It had/has the power to create and then sustain everything upon our little planet, therefore our universe is 'like a god' ie divine..

 

 

 

Hi Elowen,

 

Thank you for your take on Pantheism.

 

Can I ask you do you think your simple and happy outlook has been enhanced by your Pantheism and if so how has that happened?

 

Best

 

ED

 

Sorry for the lateness in getting back to you Earthdragon. I didn't see it sooner.

 

In answer to your question, I do think my outlook on life has been enhanced since I found pantheism. I certainly feel more comfortable in myself.

For a very long time I was struggling with how I could be pagan without believing in any deities. I like the stories associated with them,but to me they are just that - stories.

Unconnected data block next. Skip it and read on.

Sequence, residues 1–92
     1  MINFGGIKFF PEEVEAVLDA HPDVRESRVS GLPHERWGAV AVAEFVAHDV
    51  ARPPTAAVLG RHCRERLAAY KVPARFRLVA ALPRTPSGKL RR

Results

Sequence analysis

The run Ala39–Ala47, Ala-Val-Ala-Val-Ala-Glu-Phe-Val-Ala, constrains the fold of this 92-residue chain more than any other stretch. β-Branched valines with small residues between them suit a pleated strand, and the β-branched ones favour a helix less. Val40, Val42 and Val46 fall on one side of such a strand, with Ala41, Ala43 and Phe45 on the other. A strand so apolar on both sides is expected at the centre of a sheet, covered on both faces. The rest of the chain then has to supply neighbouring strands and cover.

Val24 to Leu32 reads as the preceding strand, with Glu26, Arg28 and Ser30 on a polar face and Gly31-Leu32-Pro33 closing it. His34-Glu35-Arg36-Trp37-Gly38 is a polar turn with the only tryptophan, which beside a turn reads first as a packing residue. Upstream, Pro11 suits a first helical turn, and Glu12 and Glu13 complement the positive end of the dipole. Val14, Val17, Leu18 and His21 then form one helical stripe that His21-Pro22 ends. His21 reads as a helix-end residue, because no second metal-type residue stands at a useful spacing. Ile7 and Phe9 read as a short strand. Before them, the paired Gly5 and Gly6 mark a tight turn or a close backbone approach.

But then I read (on here I think), someone who said something along the lines that xxx was their religion, and paganism was through which they celebrated it, and everything finally fell into place for me.

I *could* be a pantheist and nothing else, but I'm also drawn to paganism and now I feel perfectly comfortable in both my spirituality and how I express it. They complement each other.

  • Like 4
Link to comment
Share on other sites

  • 5 months later...

Just a quick comment to say I totally a agree with Moonsmith's post (#4); I couldn't have summarised my feelings better myself!

I call myself 'pantheist' as it's the closest label that fits :)

 

You may find the following youtube videos interesting:-

 

Kelly-Ann Maddox - 11. Pantheism: What It Feels Like

 

√Āine √ďrga - Introduction: What is Pantheism?